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Tyler C. Chrestman: The Electoral College is what stands between voters and tyranny

Tyler C. Chrestman: The Electoral College is what stands between voters and tyranny

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Protesters demonstrate ahead of Pennsylvania's 58th Electoral College at the state Capitol in Harrisburg on Dec. 19, 2016. The demonstrators were waving signs and chanting in freezing temperatures as delegates began arriving at the state Capitol to cast the state's electoral votes for president.

(AP Photo/Matt Rourke)

The Electoral College is often described as a terrible way to run a democracy. This rallying cry has become incredibly common among people on the left, especially in the wake of yet another presidential election where the candidate who won the popular vote did not win the presidency. The claim itself though is rooted in a fundamental misunderstanding of the structure of our nation. It demonstrates the philosophical divide between those who value the system as it was designed and those who think that the system itself is broken.

The Founding Fathers were fearful of the tyranny of the majority. That fear permeates the entire system of government that they designed: the system of checks and balances between the three branches, the fact that each state has the same number of senators despite population differences, the idea that Congress needs a supermajority to enact the most important duties granted to it by the Constitution. All of this was designed to ensure that the government itself was not tyrannical, and that a simple majority could never use its power unjustly. In other words, it set out to ensure that 51% of the population could never tyrannize the other 49%.

People who wish to dismantle the Electoral College fail to realize that our country is the United States of America. The key here is in the name “United States.” The Founding Fathers placed a strong emphasis on states’ rights. America is a collection of 50 states and the District of Columbia. Fifty states that have different laws, different taxes, and practice different cultural norms. The president is not elected by a national popular vote but instead by 51 popular votes held on the same day.

This system is incredibly important to those who wish for their liberty to be protected. Supreme Court Justice Louis Brandeis once described the states as “laboratories of democracy,” and that is precisely what they were designed to be. The founders thought that the citizens would experiment with governing in different ways and that the best ways would find their way to popularity. This also meant that people dissatisfied with the way their state is governed would be free to move and try life in another. Today, the fact that 40 million people choose to live in California makes no difference to those of us who choose to live in Missouri, because their ideas on how government should run cannot unduly influence our own.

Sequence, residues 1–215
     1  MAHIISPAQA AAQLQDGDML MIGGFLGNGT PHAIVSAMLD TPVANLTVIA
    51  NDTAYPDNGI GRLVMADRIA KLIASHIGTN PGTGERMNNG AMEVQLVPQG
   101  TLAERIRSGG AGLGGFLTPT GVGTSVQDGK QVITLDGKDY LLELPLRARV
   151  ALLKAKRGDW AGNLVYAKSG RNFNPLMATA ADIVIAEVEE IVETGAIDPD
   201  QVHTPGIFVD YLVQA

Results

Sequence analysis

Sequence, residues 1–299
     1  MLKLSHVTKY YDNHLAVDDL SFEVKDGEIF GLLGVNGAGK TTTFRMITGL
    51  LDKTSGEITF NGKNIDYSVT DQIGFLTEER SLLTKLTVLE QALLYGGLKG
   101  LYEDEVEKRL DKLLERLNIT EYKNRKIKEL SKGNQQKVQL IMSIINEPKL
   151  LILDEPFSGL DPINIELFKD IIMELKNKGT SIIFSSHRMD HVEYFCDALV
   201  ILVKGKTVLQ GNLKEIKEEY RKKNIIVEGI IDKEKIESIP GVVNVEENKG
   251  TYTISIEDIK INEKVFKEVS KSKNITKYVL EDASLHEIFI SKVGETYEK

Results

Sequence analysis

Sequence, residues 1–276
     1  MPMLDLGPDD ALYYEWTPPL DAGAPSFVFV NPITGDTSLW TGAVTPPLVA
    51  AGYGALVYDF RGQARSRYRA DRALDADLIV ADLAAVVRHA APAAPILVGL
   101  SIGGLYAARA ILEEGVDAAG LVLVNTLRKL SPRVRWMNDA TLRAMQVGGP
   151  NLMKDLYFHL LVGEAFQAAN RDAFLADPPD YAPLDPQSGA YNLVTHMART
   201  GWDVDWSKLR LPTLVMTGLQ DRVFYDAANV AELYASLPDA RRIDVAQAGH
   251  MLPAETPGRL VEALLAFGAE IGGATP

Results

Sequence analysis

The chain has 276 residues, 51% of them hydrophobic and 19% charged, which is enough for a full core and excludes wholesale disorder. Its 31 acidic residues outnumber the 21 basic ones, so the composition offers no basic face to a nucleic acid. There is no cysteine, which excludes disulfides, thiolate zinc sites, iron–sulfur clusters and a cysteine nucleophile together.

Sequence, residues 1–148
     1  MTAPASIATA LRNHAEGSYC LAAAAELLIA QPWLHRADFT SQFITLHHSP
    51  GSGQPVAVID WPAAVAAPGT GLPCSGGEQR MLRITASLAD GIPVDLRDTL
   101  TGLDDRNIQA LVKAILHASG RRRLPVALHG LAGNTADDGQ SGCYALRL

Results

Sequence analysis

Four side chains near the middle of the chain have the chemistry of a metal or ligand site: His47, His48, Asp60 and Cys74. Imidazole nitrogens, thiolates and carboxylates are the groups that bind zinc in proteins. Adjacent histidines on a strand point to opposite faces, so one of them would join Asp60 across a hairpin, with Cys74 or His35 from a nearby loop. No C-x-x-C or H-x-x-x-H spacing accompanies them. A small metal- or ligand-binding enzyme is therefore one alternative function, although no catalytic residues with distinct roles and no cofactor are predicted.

The Electoral College forces candidates to build a national coalition. To speak to voters in each state and attempt to hear the needs and wants of the people who live there. Some argue that the politicians only care about the swing states, but this is simply not true. Since 1856 when Democrats and Republicans first appeared on the ballot together, only seven states have voted for one party over 80% of the time. Two of these, Alaska and Hawaii, and the District of Columbia are only on that list because they have voted in very few elections. Swing states are constantly changing. Six states swung from Democrat to Republican last election, which is what gave President Donald Trump the victory. Liberal bastion California was solidly Republican until as recently as 1988.

A constitutional amendment to get rid of the Electoral College will probably never happen. Instead, the push now is to have states agree to split their electoral votes so that the person who wins the state is no longer awarded all the electors. Instead, they would only win electors according to the percentage of the vote they won. This terrible idea misses the point entirely. This would essentially be akin to a national popular vote, which is the actual goal of the people pushing for this type of reform. Do not be fooled by this subtle perversion of the Electoral College; it is full of the same problems as flat-out abolition.

The United States is not a pure democracy. This is not a flaw in the system, it is the essence of the system, and one of the things that makes this country great. The Electoral College is not a relic to be cast aside but instead something to be cherished for what it is, something that makes America the strong democratic-republic it is today. As for those who wish for a pure democracy, they would do well to remember the old adage: A democracy is two wolves and a sheep voting on what’s for dinner.

Tyler C. Chrestman is host of The Chrestman Conversation podcast and blog in St. Louis.

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